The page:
The Louvre - Paintings
I promised you several articles on the Louvre Museum, so here is the 2nd opus.
Passionate about art, the Louvre Museum is an incredible place to satisfy my curiosity as its treasures are countless.
We’ve just celebrated Bastille Day in France, and for the occasion I wanted to honour French painting.
And to start, I chose " La Liberté guidant le people " (Liberty leading the people) by Eugène Delacroix.
Although this painting refers to the riots of July 1830 which led to the abdication of Charles X, and not to the French Revolution & the Storming of the Bastille, that we celebrate every July 14, this painting remains an important symbol of the French Republic.
We see the tricolour flag as well as Liberty wearing the Phrygian cap.
Delacroix is one of my favourite painters and this incredible artwork (260 x 325cm) is exhibited at the Louvre Museum in Paris among other of his masterpieces ...
I’m planning an article which will be entirely dedicated to him, so much there is to say about this extraordinary artist.
Another painting that attracts many visitors: The Raft of the Medusa by Théodore Géricault.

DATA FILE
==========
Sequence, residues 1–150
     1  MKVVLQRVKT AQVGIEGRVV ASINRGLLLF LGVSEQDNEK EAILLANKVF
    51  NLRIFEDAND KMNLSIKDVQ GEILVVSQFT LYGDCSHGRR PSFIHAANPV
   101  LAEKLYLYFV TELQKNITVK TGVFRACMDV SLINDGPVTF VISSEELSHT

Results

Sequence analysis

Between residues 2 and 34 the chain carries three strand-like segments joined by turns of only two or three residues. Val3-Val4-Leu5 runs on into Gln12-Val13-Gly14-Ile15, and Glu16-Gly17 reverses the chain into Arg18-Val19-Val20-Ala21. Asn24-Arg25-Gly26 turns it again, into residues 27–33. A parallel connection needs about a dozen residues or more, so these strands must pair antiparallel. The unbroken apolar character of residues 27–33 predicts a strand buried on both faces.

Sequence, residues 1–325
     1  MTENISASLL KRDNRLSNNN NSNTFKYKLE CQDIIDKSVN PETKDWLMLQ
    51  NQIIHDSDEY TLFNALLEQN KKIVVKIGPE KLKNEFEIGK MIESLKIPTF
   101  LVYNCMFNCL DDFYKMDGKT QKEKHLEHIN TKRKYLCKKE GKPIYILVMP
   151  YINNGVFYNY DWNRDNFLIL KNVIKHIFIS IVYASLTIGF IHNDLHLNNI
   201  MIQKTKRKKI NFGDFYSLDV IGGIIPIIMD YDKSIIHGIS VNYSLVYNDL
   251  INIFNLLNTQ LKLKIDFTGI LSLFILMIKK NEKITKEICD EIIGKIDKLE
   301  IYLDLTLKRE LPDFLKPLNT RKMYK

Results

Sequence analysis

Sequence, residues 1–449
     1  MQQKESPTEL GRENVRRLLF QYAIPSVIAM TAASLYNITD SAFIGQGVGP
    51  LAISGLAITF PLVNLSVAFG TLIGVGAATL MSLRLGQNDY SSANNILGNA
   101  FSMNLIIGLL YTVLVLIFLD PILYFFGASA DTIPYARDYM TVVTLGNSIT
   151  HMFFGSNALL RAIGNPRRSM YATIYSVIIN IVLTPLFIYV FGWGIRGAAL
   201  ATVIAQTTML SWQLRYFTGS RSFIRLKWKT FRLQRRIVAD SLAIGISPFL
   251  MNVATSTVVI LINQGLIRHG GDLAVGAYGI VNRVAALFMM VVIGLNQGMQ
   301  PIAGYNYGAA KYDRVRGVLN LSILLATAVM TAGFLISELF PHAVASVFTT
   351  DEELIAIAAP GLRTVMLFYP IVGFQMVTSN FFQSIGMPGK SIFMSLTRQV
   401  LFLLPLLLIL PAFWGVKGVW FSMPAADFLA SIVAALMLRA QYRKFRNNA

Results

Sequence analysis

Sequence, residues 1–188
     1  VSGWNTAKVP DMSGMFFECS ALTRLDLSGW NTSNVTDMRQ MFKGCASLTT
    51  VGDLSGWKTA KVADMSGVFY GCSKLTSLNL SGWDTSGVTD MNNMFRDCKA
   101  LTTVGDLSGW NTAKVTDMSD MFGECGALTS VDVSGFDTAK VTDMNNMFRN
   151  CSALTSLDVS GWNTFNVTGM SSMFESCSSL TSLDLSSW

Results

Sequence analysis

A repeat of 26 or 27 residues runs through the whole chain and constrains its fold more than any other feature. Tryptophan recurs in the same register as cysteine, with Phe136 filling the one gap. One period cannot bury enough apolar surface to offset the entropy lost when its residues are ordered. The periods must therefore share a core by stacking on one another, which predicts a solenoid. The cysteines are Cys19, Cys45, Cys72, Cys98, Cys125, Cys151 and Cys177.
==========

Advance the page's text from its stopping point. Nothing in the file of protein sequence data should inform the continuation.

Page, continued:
Another French romantic painter, this spectacular work from 1819 (491 x 716cm) also tells a historical event: the wreck of the frigate Méduse of the French colonial navy.
She stranded in 1816 off the coast of Mauritania on her way to Senegal to transport equipment and personnel. On a makeshift raft, 147 people tried to survive for several days, cannibalism included. Only 10 people ultimately escaped death.
The painter has researched extensively and even met survivors to create this disturbing and magnificent work that cemented his reputation.
Still in the historical context, a once again very famous painting: The Coronation of Napoleon.
Painting from 1807 by Jacques-Louis David, one cannot miss this neoclassical work of 621 × 969 cm!
Obviously representing the coronation of Napoleon I and Empress Joséphine in Notre-Dame Cathedral in Paris in 1804 and not at Reims Cathedral like the previous Kings of France.
No less than 191 people are faithfully reproduced in this artwork.
The artist realised an almost identical second painting, which is now on display at the Palace of Versailles.
Jacques-Louis David, a very influential painter, has been the master of two generations of artists.
I’d like to conlude with Jean-Auguste Dominique Ingres and another important event in French history: Joan of Arc at the coronation of King Charles VII, in the Cathedral of Reims (1429).
Ingres, disciple of Jacques-Louis David of course!
I’ve previously talked about Reims and its history:
I hope that with this article you discovered or rediscovered some gems of French painting.
For those who wanted to see the Mona Lisa, I invite you to reread my Article Louvre Museum.
No article next week I’ll be settling in Paris for the summer! Which presages many new adventures and exhibitions to tell you.
But you can still re-read all the articles about my Solo Wedding in Santorini: LINK.
Obviously, I’ll stay active on my social media:
Next article: July 31, 2021!
Love & Joy,
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